Getting to grief is a foundational skill in NVC consciousness.  A willingness to feel grief about a situation in your life is movement towards acceptance of things as they are.  Without this willingness to grieve, you will be resisting life, and your decisions will inevitably arise from a subtle place of anger or resentment.  Allowing yourself to grieve and accept things as they are, you open the door to a fuller connection to your longing to contribute to life.  From this place you can make decisions that are truly helpful.


In the next Connection Gem, I will offer another step in meeting situations like these.  This week choose a situation in which you see someone you care for suffering and allow yourself to feel your grief in seeing them suffer.  You might do this by just saying to yourself, "I feel sad seeing them suffer.  It's painful to know they are hurting."  Let yourself state the facts of the situation clearly and then name the "shoulds" you have about it.




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Your Stuck Friend (Part 2)
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1 Response

  1. Mar 05, 2015

    I have been this person who avoided and judged a friend. He was bankrupted by a third alcoholic partnership, a thieving drug addicted teen/adult, and in mires of problems because he could not say 'no'. Presumable he got good advice from his therapist and if I pointed out his contribution to his misery he would say "I know, I know".
    My first reaction to the person with the self destructive friend is to say that we are likely to be able to identify with our friend. Many of us have been that stuck person at some time in our lives. Perhaps not to this degree or about these issues. Many of us have areas of our lives where we are not facing how we are causing our own suffering, are doing things to increase it and complaining and expressing our misery to others. It is or isn't obvious to ourselves just how we are in this cycle sometimes. Sometimes it seems there are no good choices to get out of it or we don't have the internal or external resources to make those good choices.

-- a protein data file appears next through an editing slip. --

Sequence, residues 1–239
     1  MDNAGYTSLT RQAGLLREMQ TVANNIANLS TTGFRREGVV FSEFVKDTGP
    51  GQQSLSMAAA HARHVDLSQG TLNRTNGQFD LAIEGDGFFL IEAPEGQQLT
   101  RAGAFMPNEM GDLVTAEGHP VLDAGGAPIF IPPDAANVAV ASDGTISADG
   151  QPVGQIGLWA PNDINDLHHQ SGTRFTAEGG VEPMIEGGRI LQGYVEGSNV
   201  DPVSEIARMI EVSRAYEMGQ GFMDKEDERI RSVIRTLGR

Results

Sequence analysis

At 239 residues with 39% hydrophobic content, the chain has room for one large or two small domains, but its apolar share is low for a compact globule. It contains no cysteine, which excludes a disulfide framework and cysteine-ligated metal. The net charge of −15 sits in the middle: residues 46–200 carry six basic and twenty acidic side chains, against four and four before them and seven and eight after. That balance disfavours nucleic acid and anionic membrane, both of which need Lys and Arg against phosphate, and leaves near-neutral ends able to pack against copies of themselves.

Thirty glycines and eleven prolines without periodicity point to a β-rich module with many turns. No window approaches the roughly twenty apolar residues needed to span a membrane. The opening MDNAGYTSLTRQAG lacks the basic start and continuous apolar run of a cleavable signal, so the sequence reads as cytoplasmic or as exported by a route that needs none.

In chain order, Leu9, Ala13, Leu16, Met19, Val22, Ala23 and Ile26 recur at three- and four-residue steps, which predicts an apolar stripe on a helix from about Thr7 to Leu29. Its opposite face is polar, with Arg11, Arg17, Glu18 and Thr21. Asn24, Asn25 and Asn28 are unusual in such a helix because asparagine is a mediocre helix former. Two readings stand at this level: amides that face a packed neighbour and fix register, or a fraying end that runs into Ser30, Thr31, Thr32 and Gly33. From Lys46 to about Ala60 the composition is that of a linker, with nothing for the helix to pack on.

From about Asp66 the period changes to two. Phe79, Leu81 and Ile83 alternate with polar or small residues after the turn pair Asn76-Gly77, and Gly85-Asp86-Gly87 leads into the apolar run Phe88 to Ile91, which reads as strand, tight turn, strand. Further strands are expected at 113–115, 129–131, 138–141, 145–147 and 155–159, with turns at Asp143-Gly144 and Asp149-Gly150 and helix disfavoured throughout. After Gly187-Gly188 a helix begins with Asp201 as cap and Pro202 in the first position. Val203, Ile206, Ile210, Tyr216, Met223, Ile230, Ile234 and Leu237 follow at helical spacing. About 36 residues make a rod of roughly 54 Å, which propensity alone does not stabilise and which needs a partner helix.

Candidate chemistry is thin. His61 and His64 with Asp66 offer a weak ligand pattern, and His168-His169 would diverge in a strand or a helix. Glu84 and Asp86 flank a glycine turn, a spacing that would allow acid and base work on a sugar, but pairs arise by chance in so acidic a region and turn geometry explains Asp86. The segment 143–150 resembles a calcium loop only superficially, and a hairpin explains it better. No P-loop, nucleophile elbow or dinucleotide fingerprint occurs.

I have been this stuck person. It was embarrassing and at times shameful, so I didn't tell people all of what was going on so I am sure friends and family thought my problems were easier to solve because they didn't have a complete picture of the challenges I was facing. I unloaded on others because I was overloaded; I was overloaded by the complexity of my problems, the intense emotions that resulted, and the internal immaturity and lack of skills . I needed people in my life who were able to listen without being sucked in, wise people to help me find viable choices and to navigate the "helping resources" ie. social services system, therapy, body care (ie yoga), spiritual care, or the medical professions, etc. I was lonely and so my pain spilled into conversations in inappropriate places sometimes; anger came out as complaining and blaming and fear nailed both my feet to the floor. I watched friends and family draw back from interactions with me. I wan't angry then, their lives were not even on my radar, I was in such suffering. So, what was helpful for me? Small acts of kindness built me up. People who smiled, or greeted me warmly,or conveyed they cared about me and then moved out of the interaction before they slid into a negative state. The warmth and affection let me know that I was loved, despite my problems or my behavior. Receiving love and kindness increased my strength for facing my problems and making better choices. It was detrimental for me to have someone stay and listen until they were dragged down. Their exhausted energy just added to mine. I could feel their judgement and repulsion. That would increase my embarrassment and shame, foster secrecy and withdrawal. My friends needed to be kind to themselves too.